Wednesday, September 07, 2005

Fat Man Tax

So after my first week in the office, I came to the realization that my business casual wardrobe was in dire need of an update.  For the most part it consisted of UCS shirts and white button-ups.  Clearly the UCS shirts were not going to cut the mustard at the new office, even if they were in good condition, which they were not.  The white button-ups are okay, but I have not seen anyone else wear one in two weeks, and the couple of times I have worn them with my dark slacks, I felt too dressed up.

This means it is time for a shopping trip.  I have a love/hate relationship with clothes shopping.  On the one hand I want to have a cool and varied wardrobe, but on the other hand I am a large man and therefore shopping can be difficult.  To be honest, shopping is often an exercise in embarrassment for me, particularly when I take someone with me.  None of the “cool” stores have clothes that would remotely fit me (I keep thinking about going into Abercrombie & Fitch and seeing if I can actually bust some buttons in protest) and regular stores are spotty at best.  For example, on my most recent shopping expedition I was only able to find two stores that had pants in my size.  This is not an uncommon occurrence.

I am somewhat resigned to having to shop at clearance outlets and the Big and Tall stores to find pants, shirts, however, are another kettle of fish.  I still have to find the “tall” shirts, which are more and more difficult to find outside of Target and Wal-Mart, but it can be done.  What really bugs me about this is that most places charge a $2 premium on what are euphemistically referred to as extended sizes.  I like to think of this premium at the “Fat Man Tax.”

Is it not humiliating enough that I am forced to frequent Wal-Mart and Target for clothing?  Must you force me to pay the tubby tariff?  I would understand if little people (I do not mean midgets and dwarves specifically, but rather people that wear small or extra small shirts) got a discount.  I understand that more material must be used when constructing coverings for my porky butt, but if that is why they were charging me more, shouldn’t people whose clothes require less resources be charged less?  At least then it wouldn’t just be hating on the fat man.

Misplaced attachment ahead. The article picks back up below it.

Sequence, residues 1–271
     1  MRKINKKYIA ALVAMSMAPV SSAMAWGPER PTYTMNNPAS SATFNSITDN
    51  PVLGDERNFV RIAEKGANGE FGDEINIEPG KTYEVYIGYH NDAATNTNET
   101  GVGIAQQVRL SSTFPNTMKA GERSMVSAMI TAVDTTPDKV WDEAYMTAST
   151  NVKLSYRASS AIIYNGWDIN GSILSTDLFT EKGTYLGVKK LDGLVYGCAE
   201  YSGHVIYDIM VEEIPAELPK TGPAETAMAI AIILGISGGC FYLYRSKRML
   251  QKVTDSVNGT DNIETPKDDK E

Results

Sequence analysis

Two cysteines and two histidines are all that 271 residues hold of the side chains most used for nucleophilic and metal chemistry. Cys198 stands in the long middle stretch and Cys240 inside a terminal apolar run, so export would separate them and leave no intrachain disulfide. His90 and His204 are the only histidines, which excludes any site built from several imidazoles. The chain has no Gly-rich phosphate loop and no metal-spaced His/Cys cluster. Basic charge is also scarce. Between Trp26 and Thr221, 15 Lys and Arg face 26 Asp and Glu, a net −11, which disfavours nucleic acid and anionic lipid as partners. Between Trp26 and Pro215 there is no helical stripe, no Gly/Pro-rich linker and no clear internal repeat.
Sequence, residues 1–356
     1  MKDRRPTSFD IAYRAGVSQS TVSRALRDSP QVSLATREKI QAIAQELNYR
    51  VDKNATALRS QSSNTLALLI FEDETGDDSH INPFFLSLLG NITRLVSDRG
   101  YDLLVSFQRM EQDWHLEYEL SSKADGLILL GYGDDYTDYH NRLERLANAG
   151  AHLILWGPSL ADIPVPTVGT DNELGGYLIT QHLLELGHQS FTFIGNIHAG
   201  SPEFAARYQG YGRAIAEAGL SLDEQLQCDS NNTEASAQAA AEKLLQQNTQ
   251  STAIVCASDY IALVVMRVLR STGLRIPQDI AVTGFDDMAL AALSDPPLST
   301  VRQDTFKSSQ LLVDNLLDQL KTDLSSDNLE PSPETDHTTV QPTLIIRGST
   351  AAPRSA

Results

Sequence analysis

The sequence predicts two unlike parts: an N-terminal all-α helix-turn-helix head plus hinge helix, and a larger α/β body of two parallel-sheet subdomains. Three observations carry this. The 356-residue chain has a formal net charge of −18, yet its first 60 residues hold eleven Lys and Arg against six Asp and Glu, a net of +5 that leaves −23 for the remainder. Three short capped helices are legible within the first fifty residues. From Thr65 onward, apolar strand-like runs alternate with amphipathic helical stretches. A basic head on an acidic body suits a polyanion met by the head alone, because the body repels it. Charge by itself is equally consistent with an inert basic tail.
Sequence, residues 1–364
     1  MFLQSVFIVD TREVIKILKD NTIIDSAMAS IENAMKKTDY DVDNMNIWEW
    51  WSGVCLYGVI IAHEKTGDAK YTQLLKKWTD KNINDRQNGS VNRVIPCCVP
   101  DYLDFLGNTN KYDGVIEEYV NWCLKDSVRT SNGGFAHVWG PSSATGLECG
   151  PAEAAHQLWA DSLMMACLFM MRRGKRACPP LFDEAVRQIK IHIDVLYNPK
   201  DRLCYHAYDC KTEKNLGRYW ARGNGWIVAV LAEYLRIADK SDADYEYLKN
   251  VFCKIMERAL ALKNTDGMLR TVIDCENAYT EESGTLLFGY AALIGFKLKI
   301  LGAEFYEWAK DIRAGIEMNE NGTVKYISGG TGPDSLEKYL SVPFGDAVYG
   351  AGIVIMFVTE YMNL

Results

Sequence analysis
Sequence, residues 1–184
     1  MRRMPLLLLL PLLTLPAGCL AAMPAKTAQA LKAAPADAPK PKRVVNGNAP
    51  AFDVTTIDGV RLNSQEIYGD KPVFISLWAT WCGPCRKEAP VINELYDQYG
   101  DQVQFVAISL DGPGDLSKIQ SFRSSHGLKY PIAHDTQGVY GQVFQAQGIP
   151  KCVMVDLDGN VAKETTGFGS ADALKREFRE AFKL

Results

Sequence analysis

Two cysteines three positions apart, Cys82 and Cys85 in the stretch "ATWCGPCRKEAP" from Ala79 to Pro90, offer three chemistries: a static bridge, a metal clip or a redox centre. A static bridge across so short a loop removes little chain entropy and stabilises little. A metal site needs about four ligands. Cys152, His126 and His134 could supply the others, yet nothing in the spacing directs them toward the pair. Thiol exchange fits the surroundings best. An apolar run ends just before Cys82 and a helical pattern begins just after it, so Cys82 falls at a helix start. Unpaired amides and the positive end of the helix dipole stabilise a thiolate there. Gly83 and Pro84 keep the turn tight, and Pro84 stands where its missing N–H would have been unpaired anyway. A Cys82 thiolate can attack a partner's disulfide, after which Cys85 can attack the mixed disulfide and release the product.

(Oh yeah, and would it kill you to make the somewhat goofy, yet cool t-shirts you sell in extended sizes?  I always see t-shirts I want, but can’t buy because the t-shirt factory in Bangladesh cannot comprehend the man of XXXL proportions.)

4 comments:

Jack Thelen said...

Look at the food they have to eat in Bangladesh! No one can grow into a XXXL there!

Now, go have a cheeseburger.

shannenigans said...
This comment has been removed by a blog administrator.
shannenigans said...

I can go shopping with you, I love to spend other peoples' money! Also, take the step into the 21st century, and try shopping on the web...

James said...

Who doesn't?!

I occasionally clothes shop on the web, but I really prefer to be able to try the clothes on before buying them. Particularly pants and button-up shirts, which is where most of my problems lie.